What to do Sea­weed is high in min­er­als and io­dine, and io­dine is needed for the con­ver­sion of the thy­roid hor­mone T4 into ac­tive T3. The se­le­nium found in nuts and seeds is ben­e­fi­cial for the thy­roid be­cause it sup­ports the con­ver­sion of hor­mones.

Pumpkin seeds are rec­om­mended be­cause they are a re­lax­ant, and oily fish is also ben­e­fi­cial be­cause of its omega 3, which is anti-in­flam­ma­tory.


What to look for Spots or blem­ishes at the cor­ners of your mouth could in­di­cate prob­lems with the colon or large in­tes­tine.

“It’s a myth that you must eat a lot of fi­bre if you’re suf­fer­ing from di­ges­tion prob­lems,” says Mary-Lou. “A high-fi­bre diet can cause pan­cre­ati­tis,

which is an in­flamed pan­creas. This can be very painful and in some cases, life-threat­en­ing.

“Fi­bre also feeds bac­te­ria, whether it is good or bad bac­te­ria. If our stores of good bac­te­ria are low when we’ve been stressed or on an­tibi­otics, then the ex­tra fi­bre we eat will feed the bad bac­te­ria, caus­ing us more prob­lems.” Symp­toms Con­sti­pa­tion, di­ar­rhoea, bloat­ing or ir­ri­ta­ble bowel syn­drome all in­di­cate a weak large in­tes­tine.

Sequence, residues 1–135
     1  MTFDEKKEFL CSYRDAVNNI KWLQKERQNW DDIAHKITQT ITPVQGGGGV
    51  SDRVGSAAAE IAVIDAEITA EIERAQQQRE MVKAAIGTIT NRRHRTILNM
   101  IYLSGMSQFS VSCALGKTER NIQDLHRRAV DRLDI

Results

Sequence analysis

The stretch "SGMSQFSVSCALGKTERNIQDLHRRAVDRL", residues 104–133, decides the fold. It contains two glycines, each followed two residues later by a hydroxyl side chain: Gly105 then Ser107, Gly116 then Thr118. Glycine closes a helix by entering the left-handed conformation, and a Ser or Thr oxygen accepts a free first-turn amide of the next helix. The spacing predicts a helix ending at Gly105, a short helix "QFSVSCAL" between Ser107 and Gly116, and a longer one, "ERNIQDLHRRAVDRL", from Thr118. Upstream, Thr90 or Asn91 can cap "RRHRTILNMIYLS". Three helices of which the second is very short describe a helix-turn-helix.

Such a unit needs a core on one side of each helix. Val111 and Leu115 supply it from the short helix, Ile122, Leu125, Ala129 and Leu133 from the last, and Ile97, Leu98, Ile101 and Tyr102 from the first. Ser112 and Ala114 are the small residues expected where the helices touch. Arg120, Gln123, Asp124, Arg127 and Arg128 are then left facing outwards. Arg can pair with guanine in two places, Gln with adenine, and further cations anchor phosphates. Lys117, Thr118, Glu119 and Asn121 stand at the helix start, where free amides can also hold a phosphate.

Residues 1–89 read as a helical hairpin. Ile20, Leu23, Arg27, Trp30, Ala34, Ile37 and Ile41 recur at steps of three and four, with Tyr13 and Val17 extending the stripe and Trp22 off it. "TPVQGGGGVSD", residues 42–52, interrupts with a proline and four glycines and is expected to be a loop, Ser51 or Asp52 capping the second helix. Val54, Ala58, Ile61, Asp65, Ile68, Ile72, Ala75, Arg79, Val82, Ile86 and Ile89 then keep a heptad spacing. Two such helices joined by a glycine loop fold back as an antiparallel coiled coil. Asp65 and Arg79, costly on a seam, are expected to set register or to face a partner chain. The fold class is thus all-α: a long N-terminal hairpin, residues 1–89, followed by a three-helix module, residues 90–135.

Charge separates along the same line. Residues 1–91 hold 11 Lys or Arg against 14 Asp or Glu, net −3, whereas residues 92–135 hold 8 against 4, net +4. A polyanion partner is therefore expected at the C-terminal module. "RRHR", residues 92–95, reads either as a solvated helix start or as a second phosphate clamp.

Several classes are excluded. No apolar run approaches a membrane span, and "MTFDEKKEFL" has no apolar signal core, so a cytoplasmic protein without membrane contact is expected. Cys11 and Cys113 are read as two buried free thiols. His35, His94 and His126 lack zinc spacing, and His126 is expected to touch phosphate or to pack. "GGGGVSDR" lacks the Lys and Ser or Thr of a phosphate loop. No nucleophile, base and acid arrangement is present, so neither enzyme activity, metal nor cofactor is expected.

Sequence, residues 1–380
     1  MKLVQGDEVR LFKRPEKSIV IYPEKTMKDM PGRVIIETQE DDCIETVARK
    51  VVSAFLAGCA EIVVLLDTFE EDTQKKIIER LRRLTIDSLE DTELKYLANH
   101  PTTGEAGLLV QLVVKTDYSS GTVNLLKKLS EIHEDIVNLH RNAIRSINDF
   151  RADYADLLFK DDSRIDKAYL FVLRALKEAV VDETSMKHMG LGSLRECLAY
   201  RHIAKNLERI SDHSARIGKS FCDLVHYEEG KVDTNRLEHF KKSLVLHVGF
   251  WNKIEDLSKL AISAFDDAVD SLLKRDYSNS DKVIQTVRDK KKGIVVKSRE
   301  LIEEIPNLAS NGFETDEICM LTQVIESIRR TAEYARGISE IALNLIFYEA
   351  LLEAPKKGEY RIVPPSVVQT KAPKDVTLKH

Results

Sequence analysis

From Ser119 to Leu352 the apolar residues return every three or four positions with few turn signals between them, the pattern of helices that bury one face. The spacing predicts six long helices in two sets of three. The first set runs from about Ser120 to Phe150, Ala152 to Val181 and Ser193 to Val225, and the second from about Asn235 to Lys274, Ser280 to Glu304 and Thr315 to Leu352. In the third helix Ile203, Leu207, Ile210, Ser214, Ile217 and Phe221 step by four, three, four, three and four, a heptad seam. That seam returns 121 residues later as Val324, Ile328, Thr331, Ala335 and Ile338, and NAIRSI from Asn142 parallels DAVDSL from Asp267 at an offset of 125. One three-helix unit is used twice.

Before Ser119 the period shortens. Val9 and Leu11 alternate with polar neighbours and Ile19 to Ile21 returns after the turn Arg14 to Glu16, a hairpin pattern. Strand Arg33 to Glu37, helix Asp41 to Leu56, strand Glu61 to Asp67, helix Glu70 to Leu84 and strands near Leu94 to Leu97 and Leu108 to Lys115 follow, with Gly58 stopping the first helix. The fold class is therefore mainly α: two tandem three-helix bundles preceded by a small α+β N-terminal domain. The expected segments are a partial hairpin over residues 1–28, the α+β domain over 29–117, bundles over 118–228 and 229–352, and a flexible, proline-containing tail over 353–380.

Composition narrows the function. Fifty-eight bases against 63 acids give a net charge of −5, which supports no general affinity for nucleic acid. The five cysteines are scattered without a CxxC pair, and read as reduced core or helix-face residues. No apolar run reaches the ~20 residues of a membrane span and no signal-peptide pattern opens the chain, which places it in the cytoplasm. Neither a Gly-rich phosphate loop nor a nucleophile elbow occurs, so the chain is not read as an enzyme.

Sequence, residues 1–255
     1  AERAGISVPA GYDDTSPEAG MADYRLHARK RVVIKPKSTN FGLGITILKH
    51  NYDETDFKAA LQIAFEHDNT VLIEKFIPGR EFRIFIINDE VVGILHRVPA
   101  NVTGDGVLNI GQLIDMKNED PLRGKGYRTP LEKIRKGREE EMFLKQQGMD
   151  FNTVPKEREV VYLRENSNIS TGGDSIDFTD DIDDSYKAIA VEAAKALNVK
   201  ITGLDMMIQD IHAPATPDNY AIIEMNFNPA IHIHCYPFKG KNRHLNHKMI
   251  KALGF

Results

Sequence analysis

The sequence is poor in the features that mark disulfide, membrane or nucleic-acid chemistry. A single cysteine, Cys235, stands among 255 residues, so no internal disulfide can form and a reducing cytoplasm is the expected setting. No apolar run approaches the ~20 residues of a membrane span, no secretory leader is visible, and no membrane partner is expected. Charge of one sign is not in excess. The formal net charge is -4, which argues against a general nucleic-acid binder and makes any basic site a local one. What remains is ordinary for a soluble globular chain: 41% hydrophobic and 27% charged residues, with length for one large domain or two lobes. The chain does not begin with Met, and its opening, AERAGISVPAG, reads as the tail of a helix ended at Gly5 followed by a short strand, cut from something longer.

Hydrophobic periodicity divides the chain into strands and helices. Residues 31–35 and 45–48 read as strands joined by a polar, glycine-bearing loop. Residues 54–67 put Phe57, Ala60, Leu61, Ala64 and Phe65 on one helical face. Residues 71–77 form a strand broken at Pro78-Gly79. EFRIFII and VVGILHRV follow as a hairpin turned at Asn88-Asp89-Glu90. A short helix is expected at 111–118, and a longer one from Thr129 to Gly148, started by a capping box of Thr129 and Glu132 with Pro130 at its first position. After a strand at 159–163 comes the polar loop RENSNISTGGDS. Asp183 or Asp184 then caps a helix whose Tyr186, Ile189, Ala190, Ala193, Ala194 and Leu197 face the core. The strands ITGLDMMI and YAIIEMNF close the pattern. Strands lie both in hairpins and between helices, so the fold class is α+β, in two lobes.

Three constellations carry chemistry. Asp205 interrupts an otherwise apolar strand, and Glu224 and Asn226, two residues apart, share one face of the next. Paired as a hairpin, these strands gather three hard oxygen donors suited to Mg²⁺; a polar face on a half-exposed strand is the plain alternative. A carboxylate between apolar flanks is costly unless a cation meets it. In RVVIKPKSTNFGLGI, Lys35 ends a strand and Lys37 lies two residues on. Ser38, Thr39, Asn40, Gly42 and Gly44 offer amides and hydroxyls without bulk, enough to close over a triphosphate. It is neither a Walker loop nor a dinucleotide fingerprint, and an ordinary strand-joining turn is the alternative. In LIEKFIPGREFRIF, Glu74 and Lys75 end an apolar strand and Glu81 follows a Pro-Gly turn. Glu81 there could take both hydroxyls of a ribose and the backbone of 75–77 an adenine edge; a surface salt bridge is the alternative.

What to do “Eat yo­gurt, which sup­ports the gut, and good-qual­ity fi­bre like cour­gettes, toma­toes, av­o­ca­dos, brown rice and oats,” ad­vises Mary-Lou.


What to look for The chin re­flects how well our kid­neys are work­ing, so red­ness, blem­ishes or spots in this area might in­di­cate a re­nal weak­ness.

“The kid­neys are our body’s fil­ters, so when we take in too many tox­ins from caf­feine and junk food, the kid­neys take a hit,” says Mary-Lou. “Am­mo­nia is pro­duced when protein is bro­ken down, so a high-protein diet like the Atkins Diet may be harm­ful to the kid­neys.”

Symp­toms Kid­ney prob­lems show up as back­ache and night sweats.

What to do Keep your sys­tem clean by drink­ing plenty of wa­ter and eat­ing foods such as green leafy veg­eta­bles and fresh cran­ber­ries, which are high in an­tiox­i­dants.

“These an­tiox­i­dants slow down cell-dam­ag­ing free rad­i­cals in the body, which means the kid­neys don’t have to work as hard,” Mary-Lou says.


What to look for The end of your nose re­flects your heart health, so look for red­ness, spots and in­flam­ma­tion.

“If your nose is red for any rea­son other than you’ve just had a cold, it might be worth hav­ing your blood pres­sure and choles­terol checked,” says Mary-Lou.

Symp­toms Feel­ing tired all the time or be­ing breath­less with­out ex­ert­ing yourself may well be caused by stress or a panic at­tack, but they may also in­di­cate your heart is at risk.

What to do The co-en­zyme Q10 is es­sen­tial for heart health and this can be found in or­gan meats such as liver, kid­ney and heart, as well as beef, soy oil, sar­dines, mack­erel and peanuts. The omega 3s found in oily fish such as sar­dines, her­ring, kip­pers and wild sal­mon are ex­cel­lent for the heart. Mag­ne­sium acts as a re­lax­ant, so snack on some pumpkin seeds to help keep your heart healthy.